I have a seiko 7548-700f that I bought at a flea market for 15 dollars. Very beat up. Heavy scratches on the back near the lugs. Looks like the previous owner didn't know how to take a case back off properly. Last year during a battery change the screwdriver slipped and i hit the coil block. I managed to replace it without trouble. Starting a couple of months ago it started losing time. LOTS of time. I would take it off overnight and in the morning it would be 5 hours behind the correct time. Happens no matter what position the watch is in. I suspect that this is because the hole for the center wheel is not circular anymore. I know this means I need a service but I can not afford one. I am in highschool with no job. I have posted similar threads to this on several different sites, but no one is helpful. They tell me to get a job or to just pay to service it. What should I do? Should I learn to service it myself or is it even worth it?
I have a watch that I am fixing up for myself. After lots of research l, I concluded my watch is a 1960s Hamilton Stormking VII. As my watch needs a new crystal I ordered one from ebay that is for a Hamilton stormking VII. When I got it in I immediately realized that it doesn't fit. The replacement seems to me about 1mm larger than the original. (I dont have a caliper). Is this even a Hamilton Stormking VII? Or did I get the right crystal but I have to modify it before it fits?
I recently bought a lot of pocket watches on Ebay.
Between them I found an Alpina pocket watch with movement UH 1116. I saw on internet that usually is referred as Alpina 1116.
I got the following situation, while removing the wheels bridges, one of the ruby remained on the wheel.
Please take a look on the following pictures.
I also took some pictures with a microscope in order to explain better the situation.
Could you please suggest me what I should do?
Is what I got complete? Looking to another ruby it seems there is something missing (holding piece?)
Is the movement common? Do You believe I can find the bridge somewhere?
BTW I have also found a broken spring
Many thanks in advance for your suggestions
I have a lovely antique cylinder escapement pocket watch that I've serviced and got running beautifully but now I have a problem with the minute hand falling off. I think it's known as a pin hole fitting hand. On measuring the hand it shows approx. 0.40mm, and then on measuring the arbor diameter with the vernier guage, it's also 0.40mm so it's very near but won't even grip when mounted. Photos provided of the job.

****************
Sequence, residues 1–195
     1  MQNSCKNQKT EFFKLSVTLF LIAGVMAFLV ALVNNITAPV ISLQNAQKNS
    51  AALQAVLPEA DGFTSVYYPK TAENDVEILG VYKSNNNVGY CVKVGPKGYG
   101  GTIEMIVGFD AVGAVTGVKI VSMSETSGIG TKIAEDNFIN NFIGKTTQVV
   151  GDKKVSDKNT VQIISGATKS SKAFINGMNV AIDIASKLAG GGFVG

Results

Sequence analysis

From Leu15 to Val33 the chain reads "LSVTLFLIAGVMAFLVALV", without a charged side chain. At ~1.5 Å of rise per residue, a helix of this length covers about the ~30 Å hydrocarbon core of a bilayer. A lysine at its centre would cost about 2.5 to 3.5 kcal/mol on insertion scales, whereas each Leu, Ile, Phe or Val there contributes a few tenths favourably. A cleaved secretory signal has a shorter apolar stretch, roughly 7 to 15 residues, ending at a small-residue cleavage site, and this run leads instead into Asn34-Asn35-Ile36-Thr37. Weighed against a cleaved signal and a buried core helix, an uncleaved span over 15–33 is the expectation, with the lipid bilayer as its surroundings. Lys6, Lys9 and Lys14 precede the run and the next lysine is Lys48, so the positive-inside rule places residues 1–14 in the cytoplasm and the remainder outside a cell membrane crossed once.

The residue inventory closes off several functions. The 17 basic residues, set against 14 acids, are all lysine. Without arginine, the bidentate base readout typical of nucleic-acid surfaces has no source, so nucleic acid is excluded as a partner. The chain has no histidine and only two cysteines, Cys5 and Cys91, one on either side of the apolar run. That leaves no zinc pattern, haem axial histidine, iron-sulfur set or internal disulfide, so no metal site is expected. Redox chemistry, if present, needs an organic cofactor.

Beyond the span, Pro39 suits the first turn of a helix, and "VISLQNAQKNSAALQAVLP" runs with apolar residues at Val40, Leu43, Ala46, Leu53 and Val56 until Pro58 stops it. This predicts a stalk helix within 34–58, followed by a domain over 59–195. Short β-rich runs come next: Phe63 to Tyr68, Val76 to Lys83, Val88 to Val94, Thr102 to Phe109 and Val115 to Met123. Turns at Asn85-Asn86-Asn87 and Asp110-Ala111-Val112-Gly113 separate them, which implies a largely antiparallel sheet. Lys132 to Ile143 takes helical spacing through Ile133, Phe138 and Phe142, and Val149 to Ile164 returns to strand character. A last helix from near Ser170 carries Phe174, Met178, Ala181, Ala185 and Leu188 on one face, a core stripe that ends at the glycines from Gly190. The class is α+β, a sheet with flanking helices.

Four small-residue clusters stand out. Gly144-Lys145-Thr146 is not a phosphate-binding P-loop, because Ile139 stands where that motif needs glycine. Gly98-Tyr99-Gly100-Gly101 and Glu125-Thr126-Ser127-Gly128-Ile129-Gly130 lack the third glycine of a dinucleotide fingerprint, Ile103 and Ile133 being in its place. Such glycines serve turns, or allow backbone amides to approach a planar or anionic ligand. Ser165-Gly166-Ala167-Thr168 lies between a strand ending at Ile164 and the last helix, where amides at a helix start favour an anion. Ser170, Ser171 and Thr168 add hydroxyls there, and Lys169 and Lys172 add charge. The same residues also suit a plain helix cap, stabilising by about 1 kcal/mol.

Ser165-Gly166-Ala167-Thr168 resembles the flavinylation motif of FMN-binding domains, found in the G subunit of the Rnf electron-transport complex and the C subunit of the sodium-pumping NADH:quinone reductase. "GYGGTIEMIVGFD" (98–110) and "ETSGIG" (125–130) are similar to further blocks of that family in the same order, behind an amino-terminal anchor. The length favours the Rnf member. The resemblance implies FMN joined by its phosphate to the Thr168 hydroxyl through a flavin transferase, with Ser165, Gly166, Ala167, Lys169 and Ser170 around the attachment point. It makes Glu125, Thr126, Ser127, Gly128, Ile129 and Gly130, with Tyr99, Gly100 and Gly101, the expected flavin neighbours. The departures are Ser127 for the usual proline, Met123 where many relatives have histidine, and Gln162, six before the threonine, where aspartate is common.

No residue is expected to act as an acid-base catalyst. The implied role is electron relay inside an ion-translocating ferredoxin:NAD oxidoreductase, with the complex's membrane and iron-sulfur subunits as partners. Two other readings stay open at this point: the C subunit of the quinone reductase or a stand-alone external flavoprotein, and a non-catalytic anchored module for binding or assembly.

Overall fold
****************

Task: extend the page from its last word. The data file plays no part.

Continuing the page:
Does anybody have a technique I can use to get the hand to fit?
I don't think there is any hard and fast rule. I take off the balance with full power in the mainspring sometimes. Like when you put the watch on the timegrapher and something doesn't look right. My only rule is never take the pallet fork out when there is power. But.... Is there anyone out there that hasn't done that accidentally?
On older pocket watches with cylinder escapements, there is no pallet fork. In these type of movements, taking off the balance before power down will result in the gear train running at full speed. Don't ask me how I know that.
On automatic watches that the winding stem does not engage the ratchet wheel, the way to power down the mainspring is to use a large screwdriver to engage the the barrel screw then release the click spring. Then slowly allow the screwdriver to release power from the mainspring.
I wish there was a proper tool to do this, like a special screwdriver with a friction controlled release button. Does anyone know of a tool like that?
Thank you, fatality rate dropped considerably in the wake of lockdown and its picking up speed again, new preventive measures were put into effect as of yesterday.
A bit of good news anounced on TV last night, researchers in Tehran have had success producing Vaccine, said to start testing it on human and expectedly be ready to present to WHO in three months.
And that we expect better news from research institutes out of four other countries before long. AmGen said to have made substantial progress, Expected of the Giant.
Thanks for the helpful answer.
What about non-handwinding automatic movements?
Even if I'm able to find the click, I'm worried about releasing it without being able to control the power release by holding the crown.
Is there a method for doing this on these type of automatics?
Similarly, when it comes time to reassemble and place the balance on the movement, what is the preferred wind the mainspring in a small, incremental way when there is no keyless mechanism?